In a decade where Timbaland made the enormous jump to the mainstream, it's still a shame that one of his best efforts remains largely forgotten amid his larger hits. Amid an insane, alliterative Furtado background vocal, 'Ching Ching' largely plays out like a classic he said/she said song. Timbaland's verse is strong but Ms. Jade dominates, angrily lashing out against all the "gangsta" bullshit she had to put up with while wearing the "wifey and mother/cousin, sister and brother/accountant, lawyer and lover" roles in the relationship. She may have been treated like a second-class citizen in the relationship but she'll be damned if he gets away with it.
53. iio 'Rapture'
2002. From Poetica.
This song makes me want to buy a pacifier, take some E and dance at a rave for 14 hours straight like I'm Andrew Garfield in Boy A.
52. Kylie Minogue 'The One'
2008. From X.
A typical love ballad done up in an atypical up-tempo, electropop manner which only heightens the emotions and beauty of the song. 'The One' is another game-changer from Kylie, proving that after 20 years at the top she is still willing to experiment a bit and find ways to expand her sound to unparalleled heights. I have a feeling this will be a song more people will be talking about into the next decade.
51. Alphabeat 'Fascination'
2008. From This is Alphabeat.
"They're like an edgier Same Difference!" was my first reaction to Alphabeat when Dave introduced them to me earlier this year. It was love at first listen for me; their carefree, neo-80's sound was right up my alley from the beginning. 'Fascination,' like the lyrics suggest, is pure exaltation. Why someone hasn't used this song in a dance montage in a movie yet remains a mystery to me.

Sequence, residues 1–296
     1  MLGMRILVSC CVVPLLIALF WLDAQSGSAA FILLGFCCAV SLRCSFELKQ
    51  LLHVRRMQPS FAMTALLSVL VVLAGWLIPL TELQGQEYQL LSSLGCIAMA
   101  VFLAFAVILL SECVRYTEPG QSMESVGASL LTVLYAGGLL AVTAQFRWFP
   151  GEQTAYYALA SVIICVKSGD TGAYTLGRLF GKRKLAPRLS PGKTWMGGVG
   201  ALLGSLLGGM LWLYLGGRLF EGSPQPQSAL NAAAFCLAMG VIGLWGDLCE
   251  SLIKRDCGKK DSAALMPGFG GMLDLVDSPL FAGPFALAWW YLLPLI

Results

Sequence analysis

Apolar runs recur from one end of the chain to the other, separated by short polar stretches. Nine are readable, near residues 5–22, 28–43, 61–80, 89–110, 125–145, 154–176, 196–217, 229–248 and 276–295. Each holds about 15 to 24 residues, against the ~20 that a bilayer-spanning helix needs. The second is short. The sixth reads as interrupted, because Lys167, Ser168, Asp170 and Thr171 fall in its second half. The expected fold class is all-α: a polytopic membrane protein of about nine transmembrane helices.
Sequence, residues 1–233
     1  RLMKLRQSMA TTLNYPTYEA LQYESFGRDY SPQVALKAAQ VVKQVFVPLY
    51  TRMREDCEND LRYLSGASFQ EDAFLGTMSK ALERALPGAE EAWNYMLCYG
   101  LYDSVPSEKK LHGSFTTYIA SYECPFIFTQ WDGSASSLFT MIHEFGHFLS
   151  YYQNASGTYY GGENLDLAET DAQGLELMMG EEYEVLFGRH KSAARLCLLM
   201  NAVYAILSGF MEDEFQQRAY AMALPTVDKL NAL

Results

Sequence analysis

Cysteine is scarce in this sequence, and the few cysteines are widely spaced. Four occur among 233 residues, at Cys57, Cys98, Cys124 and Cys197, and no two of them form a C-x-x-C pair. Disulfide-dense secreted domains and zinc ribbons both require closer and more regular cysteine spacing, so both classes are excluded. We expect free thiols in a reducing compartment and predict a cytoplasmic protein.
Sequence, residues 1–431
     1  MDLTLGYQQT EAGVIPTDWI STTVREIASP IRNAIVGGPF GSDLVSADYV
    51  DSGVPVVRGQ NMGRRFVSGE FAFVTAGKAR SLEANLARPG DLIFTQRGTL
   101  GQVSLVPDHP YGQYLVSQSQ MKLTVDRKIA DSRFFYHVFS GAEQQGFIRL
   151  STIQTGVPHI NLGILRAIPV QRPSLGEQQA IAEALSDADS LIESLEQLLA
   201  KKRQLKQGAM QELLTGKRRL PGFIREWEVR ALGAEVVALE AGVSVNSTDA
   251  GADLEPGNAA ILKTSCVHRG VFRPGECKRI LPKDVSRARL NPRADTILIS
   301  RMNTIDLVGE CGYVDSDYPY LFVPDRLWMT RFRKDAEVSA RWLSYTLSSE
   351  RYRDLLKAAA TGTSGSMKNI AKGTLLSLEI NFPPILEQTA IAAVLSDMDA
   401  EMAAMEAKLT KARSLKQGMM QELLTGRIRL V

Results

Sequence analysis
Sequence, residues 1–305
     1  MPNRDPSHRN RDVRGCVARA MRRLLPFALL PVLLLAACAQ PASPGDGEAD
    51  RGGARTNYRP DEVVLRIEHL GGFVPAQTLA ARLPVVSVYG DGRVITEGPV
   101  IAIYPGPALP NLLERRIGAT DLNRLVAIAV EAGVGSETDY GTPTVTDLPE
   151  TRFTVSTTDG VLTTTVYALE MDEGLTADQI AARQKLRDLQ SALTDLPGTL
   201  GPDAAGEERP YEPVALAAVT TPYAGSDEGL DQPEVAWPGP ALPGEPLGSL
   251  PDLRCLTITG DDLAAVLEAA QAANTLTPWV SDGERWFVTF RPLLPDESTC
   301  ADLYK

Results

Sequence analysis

50. Girls Aloud 'Untouchable'
2009. From Out of Control.
When someone called Girls Aloud's nearly seven minute long epic 'Untouchable' this generation's 'Bohemian Rhapsody,' they were not exaggerating one bit. 'Untouchable' is the epitome of the surreal electropop the Girls explored heavily on their Out of Control album. The raping of the beauty and ballsiness of this song at the hands of the three and a half minute radio edit remains one of the greatest tragedies of the decade. What should have been an easy #1 hit became the Girls first single to land outside the Top 10. Oh well. The public has proven time and time again incapable of recognizing genius when it is delivered to them on a silver platter. 'Untouchable' will forever be a fan favorite and one to remind us of the riskiness of pop music.
49. The Killers 'When You Were Young'
2006. From Sam's Town.
"He doesn't look a thing like Jesus/But he talks like a gentleman." If you don't like this lyric, there's really no hope for you.
48. Mya 'Case of the Ex'
2000. From Fear of Flying.
I will admit that with Mya's diminishing status as a popstar (or even a star at all), I'm not as crazy about this song as I once was. But nostalgia is a bitch sometimes and I have to give props to 'Case of the Ex,' which is still a damn catchy number and an important song from my awkward junior high period.